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Re: PC Routers (was Re: /24s run amuck)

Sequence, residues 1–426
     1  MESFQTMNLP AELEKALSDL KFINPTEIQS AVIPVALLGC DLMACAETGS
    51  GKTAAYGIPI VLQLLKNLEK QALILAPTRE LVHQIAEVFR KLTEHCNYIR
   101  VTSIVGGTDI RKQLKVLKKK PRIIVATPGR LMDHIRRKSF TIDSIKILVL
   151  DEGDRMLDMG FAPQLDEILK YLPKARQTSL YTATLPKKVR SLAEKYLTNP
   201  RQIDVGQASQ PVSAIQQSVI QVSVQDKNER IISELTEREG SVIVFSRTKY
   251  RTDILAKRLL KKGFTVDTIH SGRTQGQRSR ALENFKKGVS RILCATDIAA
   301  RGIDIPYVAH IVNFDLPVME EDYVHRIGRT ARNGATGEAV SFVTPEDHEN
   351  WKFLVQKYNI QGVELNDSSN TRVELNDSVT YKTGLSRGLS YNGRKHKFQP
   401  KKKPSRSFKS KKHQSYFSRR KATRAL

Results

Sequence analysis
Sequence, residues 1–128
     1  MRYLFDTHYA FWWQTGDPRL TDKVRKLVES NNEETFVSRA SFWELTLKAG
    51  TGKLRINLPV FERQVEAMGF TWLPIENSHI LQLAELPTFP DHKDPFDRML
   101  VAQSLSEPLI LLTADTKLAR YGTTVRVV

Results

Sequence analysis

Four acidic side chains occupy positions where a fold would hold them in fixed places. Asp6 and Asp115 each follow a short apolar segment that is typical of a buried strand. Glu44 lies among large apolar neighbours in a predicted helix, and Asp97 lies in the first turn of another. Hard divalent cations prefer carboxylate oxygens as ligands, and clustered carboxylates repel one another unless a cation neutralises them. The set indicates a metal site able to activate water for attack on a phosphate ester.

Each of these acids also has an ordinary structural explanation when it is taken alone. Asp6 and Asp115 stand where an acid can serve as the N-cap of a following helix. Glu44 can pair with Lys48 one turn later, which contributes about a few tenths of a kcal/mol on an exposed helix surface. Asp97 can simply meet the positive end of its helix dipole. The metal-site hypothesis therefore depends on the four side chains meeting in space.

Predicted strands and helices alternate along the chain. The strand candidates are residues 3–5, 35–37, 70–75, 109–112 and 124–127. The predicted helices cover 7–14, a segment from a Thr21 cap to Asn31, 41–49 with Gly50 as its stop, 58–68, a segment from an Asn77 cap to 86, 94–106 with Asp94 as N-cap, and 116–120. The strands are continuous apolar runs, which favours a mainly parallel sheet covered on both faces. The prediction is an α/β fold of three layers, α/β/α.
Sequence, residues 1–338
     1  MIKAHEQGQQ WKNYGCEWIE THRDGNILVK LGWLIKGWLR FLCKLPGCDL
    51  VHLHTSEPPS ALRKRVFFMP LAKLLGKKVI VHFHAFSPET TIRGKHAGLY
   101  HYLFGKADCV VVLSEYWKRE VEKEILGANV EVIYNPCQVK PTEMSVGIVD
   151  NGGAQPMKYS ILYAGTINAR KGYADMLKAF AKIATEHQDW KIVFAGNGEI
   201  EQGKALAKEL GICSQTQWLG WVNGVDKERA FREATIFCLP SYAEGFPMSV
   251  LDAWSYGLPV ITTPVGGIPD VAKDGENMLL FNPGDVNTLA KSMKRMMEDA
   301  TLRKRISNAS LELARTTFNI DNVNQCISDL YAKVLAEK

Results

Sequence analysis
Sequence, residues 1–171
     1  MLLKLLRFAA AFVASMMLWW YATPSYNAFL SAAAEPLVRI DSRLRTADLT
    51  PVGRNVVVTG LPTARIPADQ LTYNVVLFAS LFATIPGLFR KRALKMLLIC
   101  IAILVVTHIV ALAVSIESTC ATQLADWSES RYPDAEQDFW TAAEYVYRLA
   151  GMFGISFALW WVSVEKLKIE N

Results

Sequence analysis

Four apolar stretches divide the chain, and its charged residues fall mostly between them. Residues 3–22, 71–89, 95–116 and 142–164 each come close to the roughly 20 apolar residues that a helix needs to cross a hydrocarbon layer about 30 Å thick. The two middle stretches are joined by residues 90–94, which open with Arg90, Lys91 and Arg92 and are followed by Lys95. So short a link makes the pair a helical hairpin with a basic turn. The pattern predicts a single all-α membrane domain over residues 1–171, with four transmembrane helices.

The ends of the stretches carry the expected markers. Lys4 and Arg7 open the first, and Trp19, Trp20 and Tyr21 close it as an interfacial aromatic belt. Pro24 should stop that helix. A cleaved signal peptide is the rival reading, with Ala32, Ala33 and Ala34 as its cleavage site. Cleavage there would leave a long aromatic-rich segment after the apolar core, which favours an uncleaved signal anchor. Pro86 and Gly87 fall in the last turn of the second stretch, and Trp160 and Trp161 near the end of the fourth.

> Have been discussing PCs for a bit but as yet not deployed one, as I > understand it a *nix based PC running Zebra will work pretty fine but > has the constraints that: > > o) It has no features - not a problem for a lot of purposes > > This isnt necessarily a problem for what I have in mind It depends. Zebra/Quagga has lots of features, it just may be that these aren't the features you want. At many cases, you can get a developer to implement the features you need for half the cost of a proprietary router. I would add, more importantly for nanog audience: o) lack of unified tools to configure and manage: Your average PC router is configured at least by: * your distribution-based startup scripts * your routing protocol daemon (gated/zebra/etc) * linecard-specific tools (ethtool for linux) * protocol-specific tools (br2684 for rfc1483 encaps, for example) * eb/iptables to configure ACLs (or ipfw/ipf/pf) * tc to configure QoS (or ALTQ) Each of those tools has varied degrees of documentation, different configuration interface, vastly different 'status' interface, different support mailing lists, etc. It is much easier for a given organization to find a cisco/juniper/etc expert than to find someone who's experienced with Linux/FreeBSD network toolchain, and I don't foresee that changing anytime soon. > o) On a standard PCI but your limit is about 350Mb, you can increase > that to a couple of Gb using 64-bit fancy thingies > > For connecting to small IXPs, connecting customers, I dont need large > amounts of throughput. 64/66 PCI hasn't been fancy for last 3 years. On a single-processor P4/3ghz, I already can (and do:) route 400mbps of DoS-like traffic (one packet per flow, small packets, 400kpps). Of course, this is ridiculously low compared to current generation of high-end routers, however, it has its niche (and see below for possible scaling). > o) This may be fixed but I found it slow to update the kernel routing table > which isnt designed to take 120000 routes being added at once > > Icky, could perhaps cause issues if theres a major reconvergence due to an > adjacent backbone router failing etc, might be okay tho Actually, considering the CPU on common desktop and CPU on a RE on common router (aka "you are reading this email on a machine with faster CPU than fastest RE in your network"), PCs can do BGP much faster than "hardware-based" routers (aka "forwarding ASICs don't run BGP"). As result, BGP Zebra/Linux can take 100k routes in <10 seconds (haven't measured exactly). > o) As its entirely process based it will hurt badly in a DoS attack > > This is a show stopper. I need the box to stay up in an attack and be > responsive to me whilst I attempt to find the source. Well, its not "process based", but it *is* "flow based". Yes, performance suffers as packets/flow rate decreases, however, it doesn't suffer as bad as other flow-based devices. > I'm not an expert in PC hardware, so I do struggle to work out the > architecture that I need and I'm sure its possible to build boxes that > are optimised for this purpose however I'm still not convinced that the > box can keep up with the demands of day to day packet switching - I'd > like to hear otherwise tho.. has anyone deployed a PC with Zebra that > could switch a few Gbs, didnt suffer from latency or jitter or fail > under a DoS? It is not gbps that kill you, it is the pps (and/or new-flows-per-second). Getting to 1mpps on a single router today will probably be hard. However, I've been considering implementing a "clustered router" architecture, should scale pps more or less linearly based on number of "PCs" or "routing nodes" involved. I'm not sure if discussion of that is on-topic here, so maybe better to take it offline.